In 2009, the Institute for Highway Safety staged a now-viral video where they crashed a 1959 Chevy Bel-Air into a 2009 Chevy Malibu. The point of the video, once it can be heard over the anguish of classic car enthusiasts, is that the very same accident that would have caused instant death in a 1959 car now would result in only minor injuries.
The improvements have continued in the years since, with AI crash prevention and back-up cameras becoming relatively commonplace in new cars. The result is a striking and largely unappreciated fact: cars are a lot safer than they used to be. Like, a LOT safer.
Despite a 371% increase in the amount of miles driven in the last 75 years, there has been a 78% decrease in motor vehicle fatalities. Every time you get behind the wheel of a car you are ten times less likely to die than when cars became a common part of American life.*
So why isn’t this heralded as one of the great life-saving breakthroughs of our time? Why isn’t car safety thought of the way we think about medical breakthroughs?
Because it wasn’t a single breakthrough. There was no single invention, person, or company that made cars safer, but a variety of manufacturers working every year to make their cars a little bit safer, engaging with the problem from every possible angle.
Cars aren’t just safer because they have airbags or seatbelts, but because they have airbags and seatbelts, and front ends that collapse, and rigid passenger compartments, and headrests, and the list goes on. They are safer because engineers, educators, designers, physicists, and tycoons of industry all worked together, not on some moonshot project, but just on improving their product year over year.
This kind of improvement doesn’t make the news, it’s not headlines, it’s mundane, and it’s improvements in fractions of percentages. But over time, those percentages add up to a world that is fundamentally safer than it was before.
My first job out of college was working for an anti-trafficking organization. One of the stats the organization frequently quoted was that there were 29 million people in the world in slavery. The office that handled the highest volume of cases worked on bonded labor slavery in southern India and they, in their biggest years, could get about 8,000 people out of slavery in a year. Not nothing, for sure, but at that pace, if no new people were enslaved, the slavery problem in that country alone would be solved in…. several hundred years. It was discouraging. The problem was so large that even the large organization I worked for, doing all they could was barely making a dent.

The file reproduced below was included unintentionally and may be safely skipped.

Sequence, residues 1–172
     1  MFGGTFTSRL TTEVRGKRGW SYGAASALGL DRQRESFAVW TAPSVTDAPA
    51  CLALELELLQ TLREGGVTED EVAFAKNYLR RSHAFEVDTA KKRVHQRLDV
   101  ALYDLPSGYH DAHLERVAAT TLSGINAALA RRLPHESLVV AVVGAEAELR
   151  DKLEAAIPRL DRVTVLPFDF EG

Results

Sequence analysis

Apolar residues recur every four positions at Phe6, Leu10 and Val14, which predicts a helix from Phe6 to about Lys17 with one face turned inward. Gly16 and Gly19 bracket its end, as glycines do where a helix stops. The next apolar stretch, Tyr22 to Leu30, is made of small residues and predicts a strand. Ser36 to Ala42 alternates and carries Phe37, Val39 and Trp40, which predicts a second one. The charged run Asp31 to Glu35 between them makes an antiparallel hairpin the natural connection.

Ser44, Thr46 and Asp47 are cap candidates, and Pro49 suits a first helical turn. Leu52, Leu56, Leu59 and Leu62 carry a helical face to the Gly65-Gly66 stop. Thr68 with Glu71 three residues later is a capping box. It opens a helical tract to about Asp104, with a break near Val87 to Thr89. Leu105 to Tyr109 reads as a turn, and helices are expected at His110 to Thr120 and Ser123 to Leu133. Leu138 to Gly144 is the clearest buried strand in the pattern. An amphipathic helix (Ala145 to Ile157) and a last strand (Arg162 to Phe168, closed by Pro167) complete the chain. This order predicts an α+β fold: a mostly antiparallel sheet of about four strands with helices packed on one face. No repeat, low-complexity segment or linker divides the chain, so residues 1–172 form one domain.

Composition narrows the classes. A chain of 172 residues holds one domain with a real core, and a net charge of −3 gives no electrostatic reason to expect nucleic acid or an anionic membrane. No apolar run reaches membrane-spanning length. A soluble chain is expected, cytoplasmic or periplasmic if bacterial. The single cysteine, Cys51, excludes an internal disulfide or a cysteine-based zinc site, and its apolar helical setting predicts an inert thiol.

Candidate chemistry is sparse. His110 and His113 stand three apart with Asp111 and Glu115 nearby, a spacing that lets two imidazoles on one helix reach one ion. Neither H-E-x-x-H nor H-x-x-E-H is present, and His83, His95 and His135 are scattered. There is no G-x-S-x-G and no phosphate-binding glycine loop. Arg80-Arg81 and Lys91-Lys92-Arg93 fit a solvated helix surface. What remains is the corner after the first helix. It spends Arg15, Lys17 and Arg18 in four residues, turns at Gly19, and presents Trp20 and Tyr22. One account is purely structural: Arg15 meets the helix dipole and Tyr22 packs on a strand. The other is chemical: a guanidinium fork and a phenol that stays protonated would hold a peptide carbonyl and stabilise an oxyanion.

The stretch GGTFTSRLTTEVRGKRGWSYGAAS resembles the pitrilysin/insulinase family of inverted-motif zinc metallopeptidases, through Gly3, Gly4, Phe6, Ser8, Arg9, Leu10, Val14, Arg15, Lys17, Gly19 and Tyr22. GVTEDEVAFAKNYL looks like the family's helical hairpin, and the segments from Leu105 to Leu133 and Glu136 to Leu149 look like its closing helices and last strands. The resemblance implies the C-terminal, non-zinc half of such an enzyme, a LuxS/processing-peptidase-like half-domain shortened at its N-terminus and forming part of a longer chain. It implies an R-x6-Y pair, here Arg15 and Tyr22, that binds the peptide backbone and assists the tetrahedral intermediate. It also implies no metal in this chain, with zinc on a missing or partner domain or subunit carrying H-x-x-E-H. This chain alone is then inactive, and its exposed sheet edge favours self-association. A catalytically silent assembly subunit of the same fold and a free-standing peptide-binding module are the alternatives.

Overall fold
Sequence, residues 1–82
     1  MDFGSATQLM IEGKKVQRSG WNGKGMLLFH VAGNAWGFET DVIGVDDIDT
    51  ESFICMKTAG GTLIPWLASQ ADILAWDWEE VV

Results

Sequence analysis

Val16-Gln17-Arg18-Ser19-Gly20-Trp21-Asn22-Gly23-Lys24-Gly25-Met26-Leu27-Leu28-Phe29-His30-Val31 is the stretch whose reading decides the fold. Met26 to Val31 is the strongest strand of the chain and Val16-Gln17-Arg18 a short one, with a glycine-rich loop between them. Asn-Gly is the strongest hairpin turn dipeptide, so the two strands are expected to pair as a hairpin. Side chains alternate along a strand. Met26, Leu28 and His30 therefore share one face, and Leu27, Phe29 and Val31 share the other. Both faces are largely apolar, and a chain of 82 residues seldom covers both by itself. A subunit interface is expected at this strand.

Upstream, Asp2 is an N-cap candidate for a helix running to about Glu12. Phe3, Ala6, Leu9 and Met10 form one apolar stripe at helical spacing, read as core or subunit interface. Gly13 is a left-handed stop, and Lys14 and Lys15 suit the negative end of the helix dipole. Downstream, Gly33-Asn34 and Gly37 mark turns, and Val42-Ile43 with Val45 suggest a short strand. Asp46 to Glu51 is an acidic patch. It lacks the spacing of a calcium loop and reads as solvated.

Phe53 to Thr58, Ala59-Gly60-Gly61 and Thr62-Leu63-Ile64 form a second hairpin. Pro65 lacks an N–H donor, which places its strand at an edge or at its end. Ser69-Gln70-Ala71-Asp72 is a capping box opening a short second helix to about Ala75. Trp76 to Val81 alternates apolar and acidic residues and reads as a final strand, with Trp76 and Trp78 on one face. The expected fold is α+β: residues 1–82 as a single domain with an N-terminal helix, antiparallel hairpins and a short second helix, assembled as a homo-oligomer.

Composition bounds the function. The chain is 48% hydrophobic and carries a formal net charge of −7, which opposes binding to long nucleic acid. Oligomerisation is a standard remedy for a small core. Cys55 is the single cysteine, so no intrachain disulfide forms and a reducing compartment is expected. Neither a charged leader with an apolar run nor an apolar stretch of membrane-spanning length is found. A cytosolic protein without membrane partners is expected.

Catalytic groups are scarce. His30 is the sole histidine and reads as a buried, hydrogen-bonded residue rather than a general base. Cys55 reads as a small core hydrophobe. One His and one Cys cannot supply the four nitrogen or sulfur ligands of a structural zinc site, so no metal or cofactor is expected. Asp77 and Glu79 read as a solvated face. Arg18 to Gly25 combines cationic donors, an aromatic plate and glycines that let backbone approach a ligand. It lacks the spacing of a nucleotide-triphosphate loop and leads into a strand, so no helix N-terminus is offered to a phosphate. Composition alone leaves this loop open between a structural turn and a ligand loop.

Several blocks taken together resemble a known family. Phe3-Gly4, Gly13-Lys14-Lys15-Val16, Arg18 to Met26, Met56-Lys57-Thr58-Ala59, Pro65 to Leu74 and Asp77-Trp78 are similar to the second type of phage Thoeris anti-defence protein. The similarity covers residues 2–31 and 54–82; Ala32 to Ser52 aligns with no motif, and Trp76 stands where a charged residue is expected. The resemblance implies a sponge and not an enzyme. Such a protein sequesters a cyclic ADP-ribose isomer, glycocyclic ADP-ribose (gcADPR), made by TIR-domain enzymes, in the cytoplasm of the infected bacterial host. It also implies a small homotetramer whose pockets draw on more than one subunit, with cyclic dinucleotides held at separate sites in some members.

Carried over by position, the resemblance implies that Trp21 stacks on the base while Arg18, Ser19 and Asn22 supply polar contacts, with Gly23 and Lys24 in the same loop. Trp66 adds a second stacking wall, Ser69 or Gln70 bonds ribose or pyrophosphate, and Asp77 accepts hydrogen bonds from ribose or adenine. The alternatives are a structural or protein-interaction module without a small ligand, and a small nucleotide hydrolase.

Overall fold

The same is true for people who work to combat homelessness, or poverty, or climate change. The same might be true for you, as you work to take on issues in your community. A single community garden seems like it can make very little difference on hunger, that’s true. A single pop-up clinic can’t noticeably reduce the rate of disease in your city.
But a single campaign telling people to wear seatbelts didn’t do much either. And yet here we are, in cars that crash at 70 miles an hour only to have the passengers emerge with nothing but a little whiplash.
So when you feel discouraged that you can’t solve the problems youre passionate about, know that no, you probably wont solve them this year, and you probably wont solve them alone, but sometimes, with consistent effort, with all the approaches that smart dedicated people can come up with, things really can change for the better.
And next time you get in your car, I hope you remember every little seatbelt click is an answered prayer and the result of a lifetime of work from someone who can remind you that things really can change for the better.
*This information is all pulled from Chapter 7 of Extra Life: A Short History of Living Longer by Stephen Johnson